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Topic: [Howto] Dropbear with public key authentication

The content of this topic has been archived on 30 Mar 2018. There are no obvious gaps in this topic, but there may still be some posts missing at the end.

Dropbear with public key authentication

1. Create a public key pair on your Linux box

ssh-keygen -t dsa

2. Transmit the public key to your OpenWrt router with scp

scp ~/.ssh/ root@

3. Create the authorized_keys file

cd /etc/dropbear
cat /tmp/id_*.pub >> authorized_keys
chmod 0600 authorized_keys

4. Connect to the OpenWrt router with the public key

ubuntu@ubuntu-laptop:~$ ssh root@

5. Disable password logins (using UCI)

uci set dropbear.cfg1.PasswordAuth=off
uci commit dropbear && reboot

To change dropbear's default port do:

uci set dropbear.cfg1.Port=<port_num>
uci commit dropbear && reboot

(Last edited by forum2006 on 21 Jul 2007, 13:24)

I would like to expand a little on Point 1, the creation of DSA keys.

I normally have logcheck process my logs, and it does so hourly via cron as the logcheck user.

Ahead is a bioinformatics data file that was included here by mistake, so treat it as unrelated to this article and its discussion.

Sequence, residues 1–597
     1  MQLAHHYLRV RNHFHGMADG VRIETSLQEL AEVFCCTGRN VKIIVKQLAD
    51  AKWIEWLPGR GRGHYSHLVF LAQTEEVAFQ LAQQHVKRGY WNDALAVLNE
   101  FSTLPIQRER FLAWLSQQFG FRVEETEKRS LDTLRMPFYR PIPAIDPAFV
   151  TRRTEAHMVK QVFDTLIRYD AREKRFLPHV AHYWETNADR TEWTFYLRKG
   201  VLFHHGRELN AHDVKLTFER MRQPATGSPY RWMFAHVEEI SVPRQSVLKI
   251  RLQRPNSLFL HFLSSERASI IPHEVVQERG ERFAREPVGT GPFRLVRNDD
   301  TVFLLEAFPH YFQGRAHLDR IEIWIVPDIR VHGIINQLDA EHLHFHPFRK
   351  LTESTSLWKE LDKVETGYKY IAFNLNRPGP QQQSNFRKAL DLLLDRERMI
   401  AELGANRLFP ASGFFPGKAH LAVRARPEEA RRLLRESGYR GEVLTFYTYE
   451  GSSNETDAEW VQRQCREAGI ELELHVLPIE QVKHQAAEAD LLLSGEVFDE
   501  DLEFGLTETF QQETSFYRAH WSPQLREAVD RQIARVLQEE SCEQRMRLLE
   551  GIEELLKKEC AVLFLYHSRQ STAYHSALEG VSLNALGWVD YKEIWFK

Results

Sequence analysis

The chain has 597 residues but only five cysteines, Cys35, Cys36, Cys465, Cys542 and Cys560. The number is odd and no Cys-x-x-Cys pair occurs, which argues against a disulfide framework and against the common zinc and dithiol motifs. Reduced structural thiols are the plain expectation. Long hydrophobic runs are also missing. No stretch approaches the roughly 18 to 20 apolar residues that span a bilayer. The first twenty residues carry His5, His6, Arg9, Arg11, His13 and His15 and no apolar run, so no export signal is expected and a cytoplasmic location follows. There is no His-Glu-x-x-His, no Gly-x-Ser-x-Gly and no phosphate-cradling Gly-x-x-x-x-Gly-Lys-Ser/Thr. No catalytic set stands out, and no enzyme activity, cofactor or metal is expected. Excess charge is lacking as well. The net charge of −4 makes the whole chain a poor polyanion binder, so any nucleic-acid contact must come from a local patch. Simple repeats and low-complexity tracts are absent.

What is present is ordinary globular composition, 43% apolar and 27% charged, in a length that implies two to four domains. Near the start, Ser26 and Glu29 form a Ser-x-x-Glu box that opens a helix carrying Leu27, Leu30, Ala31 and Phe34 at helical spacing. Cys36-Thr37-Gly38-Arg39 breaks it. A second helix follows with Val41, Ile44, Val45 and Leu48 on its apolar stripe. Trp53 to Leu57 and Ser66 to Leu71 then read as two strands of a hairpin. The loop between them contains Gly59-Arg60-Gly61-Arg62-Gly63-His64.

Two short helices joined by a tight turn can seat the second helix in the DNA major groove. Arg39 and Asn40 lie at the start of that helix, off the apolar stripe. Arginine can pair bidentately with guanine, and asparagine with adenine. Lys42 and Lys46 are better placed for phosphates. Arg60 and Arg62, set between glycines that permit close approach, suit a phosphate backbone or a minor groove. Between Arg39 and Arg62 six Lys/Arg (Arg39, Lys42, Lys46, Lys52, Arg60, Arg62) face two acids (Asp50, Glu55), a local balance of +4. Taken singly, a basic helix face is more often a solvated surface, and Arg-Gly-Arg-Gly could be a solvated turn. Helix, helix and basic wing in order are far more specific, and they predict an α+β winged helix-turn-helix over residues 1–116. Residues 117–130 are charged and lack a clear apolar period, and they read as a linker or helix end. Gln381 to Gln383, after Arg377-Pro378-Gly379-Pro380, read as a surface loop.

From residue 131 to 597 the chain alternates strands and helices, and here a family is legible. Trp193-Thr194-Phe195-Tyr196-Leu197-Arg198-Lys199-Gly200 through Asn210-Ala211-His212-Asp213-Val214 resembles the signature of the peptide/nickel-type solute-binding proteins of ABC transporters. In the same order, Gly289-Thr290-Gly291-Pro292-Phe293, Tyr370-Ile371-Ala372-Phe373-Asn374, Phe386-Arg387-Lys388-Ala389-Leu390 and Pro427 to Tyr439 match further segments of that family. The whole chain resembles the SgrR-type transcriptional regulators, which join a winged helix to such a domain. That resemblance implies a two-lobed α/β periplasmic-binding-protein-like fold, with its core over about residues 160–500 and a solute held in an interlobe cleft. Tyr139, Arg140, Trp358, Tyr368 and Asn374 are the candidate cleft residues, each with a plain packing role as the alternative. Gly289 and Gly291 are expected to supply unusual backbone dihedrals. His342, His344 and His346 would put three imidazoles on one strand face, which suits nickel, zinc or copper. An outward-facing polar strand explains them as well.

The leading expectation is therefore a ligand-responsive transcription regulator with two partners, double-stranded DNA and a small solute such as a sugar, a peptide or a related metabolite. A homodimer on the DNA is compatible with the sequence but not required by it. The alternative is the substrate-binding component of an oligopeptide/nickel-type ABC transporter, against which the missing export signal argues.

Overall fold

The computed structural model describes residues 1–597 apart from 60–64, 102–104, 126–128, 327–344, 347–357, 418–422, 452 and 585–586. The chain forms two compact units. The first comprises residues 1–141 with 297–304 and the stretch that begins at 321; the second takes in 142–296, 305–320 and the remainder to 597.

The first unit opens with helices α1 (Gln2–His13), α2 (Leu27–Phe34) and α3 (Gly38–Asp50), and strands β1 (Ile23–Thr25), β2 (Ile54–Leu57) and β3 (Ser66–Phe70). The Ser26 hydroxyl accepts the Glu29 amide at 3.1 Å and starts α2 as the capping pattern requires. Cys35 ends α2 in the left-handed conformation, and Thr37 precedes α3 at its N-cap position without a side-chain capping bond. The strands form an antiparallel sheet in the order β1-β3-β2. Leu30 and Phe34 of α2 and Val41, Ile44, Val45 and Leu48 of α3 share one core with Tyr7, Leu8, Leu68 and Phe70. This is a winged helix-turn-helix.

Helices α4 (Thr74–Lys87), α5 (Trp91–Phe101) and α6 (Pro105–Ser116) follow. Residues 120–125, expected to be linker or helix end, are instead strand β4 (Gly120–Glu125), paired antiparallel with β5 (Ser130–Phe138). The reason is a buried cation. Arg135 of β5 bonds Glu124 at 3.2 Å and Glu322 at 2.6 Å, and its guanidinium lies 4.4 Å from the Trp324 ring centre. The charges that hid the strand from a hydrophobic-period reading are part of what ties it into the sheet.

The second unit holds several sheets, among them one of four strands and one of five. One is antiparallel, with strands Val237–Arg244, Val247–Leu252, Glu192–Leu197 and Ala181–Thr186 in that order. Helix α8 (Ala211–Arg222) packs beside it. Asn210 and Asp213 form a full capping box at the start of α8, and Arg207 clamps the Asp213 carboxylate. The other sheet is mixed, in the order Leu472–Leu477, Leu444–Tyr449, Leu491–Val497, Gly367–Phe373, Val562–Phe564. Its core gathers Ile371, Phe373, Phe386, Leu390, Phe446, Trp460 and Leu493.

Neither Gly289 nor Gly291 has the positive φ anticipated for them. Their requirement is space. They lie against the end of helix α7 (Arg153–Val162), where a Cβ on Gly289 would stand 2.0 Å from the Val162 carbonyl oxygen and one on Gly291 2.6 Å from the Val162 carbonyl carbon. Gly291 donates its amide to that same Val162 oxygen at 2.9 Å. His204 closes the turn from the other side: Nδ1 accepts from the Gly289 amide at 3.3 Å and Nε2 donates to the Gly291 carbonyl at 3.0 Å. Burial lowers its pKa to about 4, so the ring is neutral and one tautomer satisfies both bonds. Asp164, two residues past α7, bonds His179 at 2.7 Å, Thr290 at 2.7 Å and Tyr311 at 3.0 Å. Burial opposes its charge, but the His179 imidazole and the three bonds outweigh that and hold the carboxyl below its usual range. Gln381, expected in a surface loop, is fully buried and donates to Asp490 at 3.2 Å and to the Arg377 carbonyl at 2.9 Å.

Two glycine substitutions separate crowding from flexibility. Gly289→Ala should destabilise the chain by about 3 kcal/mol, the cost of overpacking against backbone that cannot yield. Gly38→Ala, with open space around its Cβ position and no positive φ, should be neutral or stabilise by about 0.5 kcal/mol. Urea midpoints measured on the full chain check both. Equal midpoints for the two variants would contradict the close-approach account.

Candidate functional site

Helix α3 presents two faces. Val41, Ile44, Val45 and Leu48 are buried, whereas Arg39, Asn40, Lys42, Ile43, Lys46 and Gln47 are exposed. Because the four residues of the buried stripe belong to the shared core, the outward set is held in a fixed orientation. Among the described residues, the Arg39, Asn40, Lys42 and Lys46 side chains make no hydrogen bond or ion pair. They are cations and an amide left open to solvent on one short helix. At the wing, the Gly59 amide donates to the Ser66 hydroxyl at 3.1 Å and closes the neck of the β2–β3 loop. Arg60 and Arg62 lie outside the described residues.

The logcheck user is a virtual user, it exists solely to own some files, and to be a user to process logs.  In the /etc/passwd file, it shows that the login shell that logcheck gets is /bin/false.  The postgres user is one which can get a shell, but can never login (no passwords are accepted).  To do work as the postgres user, the root user needs to 'su' to the postgres user.  This same process doesn't work with the logcheck user, as the login shell is /bin/false.

While there are other ways to accomplish key generation, what I did was run the 'chsh' program to give logcheck a real shell.  The root user could then 'su' to the logcheck user.  The home directory for logcheck is defined to be /var/lib/logcheck, which is fine for what needs to be done.  As noted in the original posting, you run the ssh-keygen program for DSA keys (-t dsa).  Don't use a passphrase (just hit return, twice I believe).  All dsa keys are the same size, so you don't get asked anything about that.  As mentioned above, copy this newly created dsa pub key to the OpenWRT device, and then append that file to the authorized_keys file for dropbear.  Stop being the logcheck user by exiting the shell logcheck is running (exit should work, a single Control-D is end-of-file, which is what I normally do).  Finally, run 'chsh' again (as the root user now), to change the login shell for logcheck back to /bin/false.

This should allow cron processes run by the logcheck user to login to OpenWRT using public key authentication using SSH2.

The discussion might have continued from here.